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COVID-19

With fewer people on health insurance, health care jobs could be in jeopardy, report says

Sabri Ben-Achour, Rose Conlon, Erika Soderstrom, and Alex Schroeder Aug 4, 2020
Heard on: Marketplace Morning Report
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In the middle of the COVID-19 pandemic, reduced revenue to health care providers made up 29% of the historic second-quarter GDP decline. Chip Somodevilla/Getty Images
COVID-19

With fewer people on health insurance, health care jobs could be in jeopardy, report says

Sabri Ben-Achour, Rose Conlon, Erika Soderstrom, and Alex Schroeder Aug 4, 2020
In the middle of the COVID-19 pandemic, reduced revenue to health care providers made up 29% of the historic second-quarter GDP decline. Chip Somodevilla/Getty Images
HTML EMBED:
COPY

About 5.4 million Americans lost their employer-sponsored health plans, and did not or could not get alternate health insurance. That’s a risk in and of itself, but it may result in job loss in the health care industry.

That’s the warning from the nonpartisan nonprofit Families USA, which is out with new research Tuesday. Stan Dorn, a senior fellow at Families USA, is the author of the report. He spoke with Marketplace’s Sabri Ben-Achour, and the following is an edited transcript of their conversation.

Sabri Ben-Achour: U.S. GDP declined 9.5% in three months and one would have thought perhaps the bulk of that was in restaurants or transportation. But, according to research, it was actually health care.

Stan Dorn: Yes, we were surprised to find that 29% of the entire staggering drop in GDP, the second quarter was due to reduced revenue for health care providers. By contrast, in the entire restaurant industry — food services, accommodations, hotels industry — 17% of GDP drop was [caused by] that sector. There was no other engine driving the downturn as much as health care.

Ben-Achour: Which is kind of surprising, because we hear about the surges in the need for emergency care as coronavirus peaks in different parts of the country. But that’s not what we’re talking about, is it? Who are the folks who are losing their jobs here?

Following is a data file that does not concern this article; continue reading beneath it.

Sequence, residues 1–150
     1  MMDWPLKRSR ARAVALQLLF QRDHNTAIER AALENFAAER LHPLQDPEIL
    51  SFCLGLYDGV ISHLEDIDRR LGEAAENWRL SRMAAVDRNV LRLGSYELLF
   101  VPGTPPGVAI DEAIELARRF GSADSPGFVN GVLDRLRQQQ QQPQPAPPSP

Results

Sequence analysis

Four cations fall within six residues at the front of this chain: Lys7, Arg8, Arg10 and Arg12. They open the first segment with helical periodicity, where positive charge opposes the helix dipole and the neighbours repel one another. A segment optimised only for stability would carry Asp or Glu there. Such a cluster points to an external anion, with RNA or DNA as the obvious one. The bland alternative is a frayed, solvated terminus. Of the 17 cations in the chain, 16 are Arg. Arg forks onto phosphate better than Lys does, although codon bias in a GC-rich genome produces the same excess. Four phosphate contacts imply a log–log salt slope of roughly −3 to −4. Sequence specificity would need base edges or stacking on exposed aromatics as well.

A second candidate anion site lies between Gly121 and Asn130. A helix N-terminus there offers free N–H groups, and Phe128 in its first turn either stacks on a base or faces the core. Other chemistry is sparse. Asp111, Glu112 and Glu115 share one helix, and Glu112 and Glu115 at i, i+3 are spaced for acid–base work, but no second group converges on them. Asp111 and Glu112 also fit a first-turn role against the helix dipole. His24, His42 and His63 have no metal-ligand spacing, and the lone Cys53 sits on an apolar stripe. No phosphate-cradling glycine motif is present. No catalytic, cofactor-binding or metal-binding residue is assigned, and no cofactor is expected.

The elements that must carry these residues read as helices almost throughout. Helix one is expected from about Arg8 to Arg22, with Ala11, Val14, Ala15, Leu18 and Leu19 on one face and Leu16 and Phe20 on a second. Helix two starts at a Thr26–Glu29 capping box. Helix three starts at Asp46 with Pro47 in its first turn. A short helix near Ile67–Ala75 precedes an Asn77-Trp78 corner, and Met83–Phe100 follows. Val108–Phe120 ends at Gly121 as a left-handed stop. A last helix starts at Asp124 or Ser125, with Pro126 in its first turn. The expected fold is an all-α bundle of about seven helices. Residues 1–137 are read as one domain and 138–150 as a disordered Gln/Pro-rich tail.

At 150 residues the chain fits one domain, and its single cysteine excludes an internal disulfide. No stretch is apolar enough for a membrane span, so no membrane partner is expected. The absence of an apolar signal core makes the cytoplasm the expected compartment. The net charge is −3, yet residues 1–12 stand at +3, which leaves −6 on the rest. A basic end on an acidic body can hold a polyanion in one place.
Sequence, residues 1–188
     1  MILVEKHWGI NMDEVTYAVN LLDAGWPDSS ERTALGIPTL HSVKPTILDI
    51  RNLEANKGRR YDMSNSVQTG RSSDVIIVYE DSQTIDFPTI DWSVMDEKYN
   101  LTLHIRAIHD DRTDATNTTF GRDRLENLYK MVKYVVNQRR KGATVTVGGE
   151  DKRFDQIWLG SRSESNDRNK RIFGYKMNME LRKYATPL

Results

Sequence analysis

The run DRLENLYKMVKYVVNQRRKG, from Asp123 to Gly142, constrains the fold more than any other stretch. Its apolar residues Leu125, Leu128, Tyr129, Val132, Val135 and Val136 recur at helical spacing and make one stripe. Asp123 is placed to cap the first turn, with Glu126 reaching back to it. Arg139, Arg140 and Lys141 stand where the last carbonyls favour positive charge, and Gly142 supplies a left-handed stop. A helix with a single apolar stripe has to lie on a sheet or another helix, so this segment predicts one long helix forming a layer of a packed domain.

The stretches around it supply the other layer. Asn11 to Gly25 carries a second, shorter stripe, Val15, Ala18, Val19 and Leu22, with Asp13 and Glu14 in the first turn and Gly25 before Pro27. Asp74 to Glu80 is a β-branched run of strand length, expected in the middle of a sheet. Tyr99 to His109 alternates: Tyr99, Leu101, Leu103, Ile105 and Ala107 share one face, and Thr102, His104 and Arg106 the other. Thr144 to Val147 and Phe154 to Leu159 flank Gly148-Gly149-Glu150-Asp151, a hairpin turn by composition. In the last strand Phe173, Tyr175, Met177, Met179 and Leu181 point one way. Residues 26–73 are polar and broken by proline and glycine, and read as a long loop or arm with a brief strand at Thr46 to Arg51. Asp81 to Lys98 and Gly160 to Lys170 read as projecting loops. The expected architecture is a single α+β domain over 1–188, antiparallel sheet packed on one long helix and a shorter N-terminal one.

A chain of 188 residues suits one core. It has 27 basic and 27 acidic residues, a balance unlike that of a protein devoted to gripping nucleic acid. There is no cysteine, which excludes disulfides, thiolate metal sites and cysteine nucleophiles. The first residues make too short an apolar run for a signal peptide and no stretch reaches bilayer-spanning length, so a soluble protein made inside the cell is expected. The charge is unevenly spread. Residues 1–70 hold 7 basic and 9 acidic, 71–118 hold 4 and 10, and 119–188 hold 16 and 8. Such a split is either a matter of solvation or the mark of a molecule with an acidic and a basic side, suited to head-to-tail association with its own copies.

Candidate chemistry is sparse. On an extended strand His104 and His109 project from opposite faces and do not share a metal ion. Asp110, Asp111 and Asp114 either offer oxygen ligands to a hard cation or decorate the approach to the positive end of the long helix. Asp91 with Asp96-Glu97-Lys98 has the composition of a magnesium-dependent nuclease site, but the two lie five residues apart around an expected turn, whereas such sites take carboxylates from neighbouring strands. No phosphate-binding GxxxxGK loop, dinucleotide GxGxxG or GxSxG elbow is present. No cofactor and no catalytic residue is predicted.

Dorn: So far, we’ve lost more than a million jobs in the health care sector, which is more than any other sector but the restaurant industry, but even so, the amount of money involved is greater by far than the restaurant industry. So, we’re talking about hospitals, doctors offices, clinics, having to lay off staff. Nurses, janitors — 1 out of every 7 workers in the United States is employed by the health care industry. So when the health care industry sneezes, the whole economy catches a cold.

Ben-Achour: What you’re describing is what the health care industry is suffering from just the shutdown. What are you predicting will happen because people have lost their health insurance coverage?

Dorn: What we’ve seen so far is just the the prelude to what we’re afraid may happen soon. In the past, less revenue for health care providers has translated into a staggering drop in GDP. What we found is that health insurance losses projected to result from even an economy that remains stable at many levels will cost another 1.5 million to 2.5 million jobs. As hospitals, doctors offices, clinics lose money, they have to lay off staff, and that hurts the surrounding local economies as well.

Ben-Achour: But, I mean, couldn’t people who lose their job-sponsored health insurance get Medicaid or something under the Affordable Care Act?

Dorn: Sure, and many will. But not all will. Lots of folks who qualify for help won’t sign up. That’s happened before, we know it’s going to happen again. There are two changes. One, fewer patients will have insurance of any kind, and, two, patients who do have insurance will have it in a form that pays less to health care providers. Medicaid, for example, pays a lot less than private health insurance.

COVID-19 Economy FAQs

What does the unemployment picture look like?

It depends on where you live. The national unemployment rate has fallen from nearly 15% in April down to 8.4% percent last month. That number, however, masks some big differences in how states are recovering from the huge job losses resulting from the pandemic. Nevada, Hawaii, California and New York have unemployment rates ranging from 11% to more than 13%. Unemployment rates in Idaho, Nebraska, South Dakota and Vermont have now fallen below 5%.

Will it work to fine people who refuse to wear a mask?

Travelers in the New York City transit system are subject to $50 fines for not wearing masks. It’s one of many jurisdictions imposing financial penalties: It’s $220 in Singapore, $130 in the United Kingdom and a whopping $400 in Glendale, California. And losses loom larger than gains, behavioral scientists say. So that principle suggests that for policymakers trying to nudge people’s public behavior, it may be better to take away than to give.

How are restaurants recovering?

Nearly 100,000 restaurants are closed either permanently or for the long term — nearly 1 in 6, according to a new survey by the National Restaurant Association. Almost 4.5 million jobs still haven’t come back. Some restaurants have been able to get by on innovation, focusing on delivery, selling meal or cocktail kits, dining outside — though that option that will disappear in northern states as temperatures fall. But however you slice it, one analyst said, the United States will end the year with fewer restaurants than it began with. And it’s the larger chains that are more likely to survive.

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